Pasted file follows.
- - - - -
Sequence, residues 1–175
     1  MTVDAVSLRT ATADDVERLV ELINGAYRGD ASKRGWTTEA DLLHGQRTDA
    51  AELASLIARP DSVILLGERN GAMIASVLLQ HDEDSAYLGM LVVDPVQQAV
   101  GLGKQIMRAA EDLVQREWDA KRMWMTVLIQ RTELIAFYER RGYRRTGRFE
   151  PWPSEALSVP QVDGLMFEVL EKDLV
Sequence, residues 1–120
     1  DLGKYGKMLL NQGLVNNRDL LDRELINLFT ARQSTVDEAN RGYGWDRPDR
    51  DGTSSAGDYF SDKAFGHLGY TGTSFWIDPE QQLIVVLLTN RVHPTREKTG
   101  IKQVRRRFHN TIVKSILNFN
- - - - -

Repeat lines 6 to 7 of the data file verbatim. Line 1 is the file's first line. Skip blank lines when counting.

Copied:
Sequence, residues 1–120
     1  DLGKYGKMLL NQGLVNNRDL LDRELINLFT ARQSTVDEAN RGYGWDRPDR